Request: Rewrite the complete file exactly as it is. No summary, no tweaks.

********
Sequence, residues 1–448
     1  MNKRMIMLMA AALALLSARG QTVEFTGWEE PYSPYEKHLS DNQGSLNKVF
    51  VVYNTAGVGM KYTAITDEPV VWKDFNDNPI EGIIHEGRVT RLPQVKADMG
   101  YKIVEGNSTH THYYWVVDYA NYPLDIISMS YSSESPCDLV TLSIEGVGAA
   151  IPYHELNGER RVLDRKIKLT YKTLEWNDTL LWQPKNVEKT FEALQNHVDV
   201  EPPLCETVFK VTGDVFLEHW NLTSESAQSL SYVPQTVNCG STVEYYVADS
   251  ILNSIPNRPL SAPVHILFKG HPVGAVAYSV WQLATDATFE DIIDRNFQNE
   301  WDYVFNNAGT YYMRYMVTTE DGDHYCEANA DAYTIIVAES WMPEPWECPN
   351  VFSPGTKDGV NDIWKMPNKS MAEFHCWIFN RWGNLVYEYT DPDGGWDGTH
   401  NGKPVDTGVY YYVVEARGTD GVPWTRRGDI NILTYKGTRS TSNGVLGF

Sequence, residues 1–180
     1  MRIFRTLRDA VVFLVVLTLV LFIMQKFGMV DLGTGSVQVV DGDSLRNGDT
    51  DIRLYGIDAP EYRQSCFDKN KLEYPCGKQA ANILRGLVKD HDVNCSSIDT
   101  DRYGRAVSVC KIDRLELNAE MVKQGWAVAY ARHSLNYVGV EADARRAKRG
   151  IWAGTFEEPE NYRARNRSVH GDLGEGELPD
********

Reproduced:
Sequence, residues 1–448
     1  MNKRMIMLMA AALALLSARG QTVEFTGWEE PYSPYEKHLS DNQGSLNKVF
    51  VVYNTAGVGM KYTAITDEPV VWKDFNDNPI EGIIHEGRVT RLPQVKADMG
   101  YKIVEGNSTH THYYWVVDYA NYPLDIISMS YSSESPCDLV TLSIEGVGAA
   151  IPYHELNGER RVLDRKIKLT YKTLEWNDTL LWQPKNVEKT FEALQNHVDV
   201  EPPLCETVFK VTGDVFLEHW NLTSESAQSL SYVPQTVNCG STVEYYVADS
   251  ILNSIPNRPL SAPVHILFKG HPVGAVAYSV WQLATDATFE DIIDRNFQNE
   301  WDYVFNNAGT YYMRYMVTTE DGDHYCEANA DAYTIIVAES WMPEPWECPN
   351  VFSPGTKDGV NDIWKMPNKS MAEFHCWIFN RWGNLVYEYT DPDGGWDGTH
   401  NGKPVDTGVY YYVVEARGTD GVPWTRRGDI NILTYKGTRS TSNGVLGF

Sequence, residues 1–180
     1  MRIFRTLRDA VVFLVVLTLV LFIMQKFGMV DLGTGSVQVV DGDSLRNGDT
    51  DIRLYGIDAP EYRQSCFDKN KLEYPCGKQA ANILRGLVKD HDVNCSSIDT
   101  DRYGRAVSVC KIDRLELNAE MVKQGWAVAY ARHSLNYVGV EADARRAKRG
   151  IWAGTFEEPE NYRARNRSVH GDLGEGELPD